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Health News of Wednesday, 19 May 2021


The most sought after commodity in the world now is coronavirus vaccine - Okoe-Boye

Former Deputy Minister of Health, Bernard Okoe-Boye Former Deputy Minister of Health, Bernard Okoe-Boye

Former Deputy Minister of Health Bernard Okoe-Boye has said coronavirus vaccine is the hottest commodity around the world currently.

He said big nations as well as smaller countries are all chasing after limited vaccines to protect the lives of their people against the dreaded coronavirus.

To that end, the former Lawmaker for Ledzokuku told Giovanni Caleb on the 3FM Drive on Wednesday, May 19, it is very tough to compete with these wealthy nations for the vaccines.

“The whole world, the most sought after commodity now is the vaccine. You have giants going after the vaccines, you have middlemen going after the vaccine and people of small weight."

“If the US and the UK are chasing the vaccine, Ghana too is chasing the same vaccine, Australia is chasing, China is chasing. Definitely, you know that it is going to be a tough battle. But I thank God that we are gradually covering the most at risk.”

Recently, President Nana Addo Addo Dankwa Akufo-Addo has attributed the delay in the arrival of the second doses of coronavirus vaccines into Ghana, to among other things, international vaccine politics.

As a result, the President said, Ghana has not been able to vaccinate the number of people “as we envisaged.”

Speaking at the May Day celebration on Saturday May 1 he said the government is working hard to vaccinate the people.

Professor at the University of Ghana, and Director of the West African Center for Cell Biology of Infectious Pathogens, Gordon Akanzuwine Awandare, has said Ghana will have to wait until the United Kingdom and the United States have all vaccinated their citizens then, the West African country can go and negotiate for the leftover vaccines for its people.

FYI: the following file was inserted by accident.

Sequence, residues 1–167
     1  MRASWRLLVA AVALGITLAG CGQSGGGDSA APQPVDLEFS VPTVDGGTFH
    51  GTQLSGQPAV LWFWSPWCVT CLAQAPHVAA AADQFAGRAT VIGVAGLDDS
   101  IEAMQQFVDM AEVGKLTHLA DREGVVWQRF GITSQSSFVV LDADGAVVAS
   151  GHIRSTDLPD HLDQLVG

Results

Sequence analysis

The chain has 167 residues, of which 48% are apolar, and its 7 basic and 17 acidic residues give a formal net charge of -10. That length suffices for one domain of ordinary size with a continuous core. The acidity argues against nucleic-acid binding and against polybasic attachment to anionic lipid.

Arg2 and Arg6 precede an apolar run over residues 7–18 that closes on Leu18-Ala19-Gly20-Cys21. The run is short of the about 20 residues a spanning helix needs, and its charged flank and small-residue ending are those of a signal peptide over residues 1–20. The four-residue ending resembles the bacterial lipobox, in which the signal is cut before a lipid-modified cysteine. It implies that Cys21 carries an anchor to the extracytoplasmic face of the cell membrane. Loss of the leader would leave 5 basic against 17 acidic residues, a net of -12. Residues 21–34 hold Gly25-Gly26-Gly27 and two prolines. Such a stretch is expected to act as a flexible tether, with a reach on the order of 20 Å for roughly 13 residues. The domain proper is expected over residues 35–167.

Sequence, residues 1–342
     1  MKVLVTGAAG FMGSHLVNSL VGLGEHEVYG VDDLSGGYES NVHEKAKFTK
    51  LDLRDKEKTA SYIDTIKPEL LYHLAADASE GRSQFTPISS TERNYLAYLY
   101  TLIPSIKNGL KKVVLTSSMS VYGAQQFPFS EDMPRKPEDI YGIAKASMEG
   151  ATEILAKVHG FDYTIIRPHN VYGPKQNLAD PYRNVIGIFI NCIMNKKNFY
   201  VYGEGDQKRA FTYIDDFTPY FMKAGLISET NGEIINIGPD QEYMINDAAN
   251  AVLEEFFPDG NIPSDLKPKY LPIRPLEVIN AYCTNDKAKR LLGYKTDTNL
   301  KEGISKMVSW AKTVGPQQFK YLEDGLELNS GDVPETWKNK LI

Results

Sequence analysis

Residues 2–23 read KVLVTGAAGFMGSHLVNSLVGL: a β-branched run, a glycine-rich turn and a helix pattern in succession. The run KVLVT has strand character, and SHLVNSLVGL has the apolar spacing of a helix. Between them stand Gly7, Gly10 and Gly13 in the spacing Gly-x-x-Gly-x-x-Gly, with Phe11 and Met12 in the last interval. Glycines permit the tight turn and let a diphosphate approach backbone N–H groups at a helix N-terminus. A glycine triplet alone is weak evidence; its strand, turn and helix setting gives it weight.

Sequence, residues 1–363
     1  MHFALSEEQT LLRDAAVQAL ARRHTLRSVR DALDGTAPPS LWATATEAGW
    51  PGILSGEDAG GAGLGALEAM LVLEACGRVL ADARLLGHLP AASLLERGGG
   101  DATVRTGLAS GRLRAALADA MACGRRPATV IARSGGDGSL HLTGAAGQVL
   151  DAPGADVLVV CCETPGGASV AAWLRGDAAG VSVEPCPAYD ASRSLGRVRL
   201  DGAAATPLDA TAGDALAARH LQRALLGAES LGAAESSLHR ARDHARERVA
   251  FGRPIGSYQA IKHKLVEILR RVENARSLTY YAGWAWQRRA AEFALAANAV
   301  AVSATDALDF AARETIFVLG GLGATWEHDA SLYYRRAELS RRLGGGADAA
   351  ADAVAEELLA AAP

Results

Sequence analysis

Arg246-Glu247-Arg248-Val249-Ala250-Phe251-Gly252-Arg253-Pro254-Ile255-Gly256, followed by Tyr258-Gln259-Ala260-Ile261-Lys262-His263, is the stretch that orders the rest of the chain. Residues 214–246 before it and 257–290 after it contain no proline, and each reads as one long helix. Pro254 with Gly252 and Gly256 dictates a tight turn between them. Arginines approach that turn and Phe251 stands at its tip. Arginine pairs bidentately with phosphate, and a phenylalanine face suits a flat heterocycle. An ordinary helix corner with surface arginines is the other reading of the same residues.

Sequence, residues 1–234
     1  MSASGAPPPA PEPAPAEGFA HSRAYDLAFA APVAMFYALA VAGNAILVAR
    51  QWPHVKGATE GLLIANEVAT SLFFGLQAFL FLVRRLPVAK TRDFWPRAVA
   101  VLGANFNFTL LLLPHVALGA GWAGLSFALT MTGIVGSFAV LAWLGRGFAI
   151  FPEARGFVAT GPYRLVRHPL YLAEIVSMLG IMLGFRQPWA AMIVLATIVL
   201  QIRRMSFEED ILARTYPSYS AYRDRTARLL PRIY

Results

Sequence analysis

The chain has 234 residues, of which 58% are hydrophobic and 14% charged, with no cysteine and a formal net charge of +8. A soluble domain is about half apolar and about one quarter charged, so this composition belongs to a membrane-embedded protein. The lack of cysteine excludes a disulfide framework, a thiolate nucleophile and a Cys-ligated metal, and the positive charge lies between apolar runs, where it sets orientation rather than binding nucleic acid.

Prof Awandare said there is no sign that COVID-19 vaccines in sufficient quantities will be arriving in Ghana any time soon in order to inoculate the people.

He explained that the countries that produce these vaccines are now experiencing the worse form of the virus, hence are prioritizing their citizens over others.

He told Abena Tabi, host of the Key Points on TV3 Saturday May 1. The government of Ghana gave a 100% assurance to Ghanaians that they were going to be vaccinated against the coronavirus virus when the production of the vaccines is not in its control.

He told Abena that several Ghanaians who received the first dose of the COVID vaccines are concerned about when they will receive the second dose.

This concern, he said, is genuine because of the assurance given to them by local authorities that they were all going to be vaccinated.

“I see that a lot of people are angry and worried and all that. Yes, you have the right to be worried because maybe the mistake from our authorities was that they over-promised when they knew that this was not within their power to deliver on time."

“We should have been more cautious and realistic with the people. Some of us were saying that let us think about July, August and let us promise the people that you will get vaccines beyond July and August."

“When the UK is fully vaccinated, when the US is fully vaccinated then we can negotiate for left over vaccines but at this point you cannot guarantee the arrival of any vaccine in any sufficient quantities from anywhere,” Prof Awandaree said.

He added “I have not seen any evidence that we have a concrete assurance that millions of vaccines will arrive anytime soon.

“So I think we have to be realistic that maybe, we were overpromised but the reality is that this is beyond the control of any African government because they don’t have the capacity to make vaccines and they are relying on others to be generous.”

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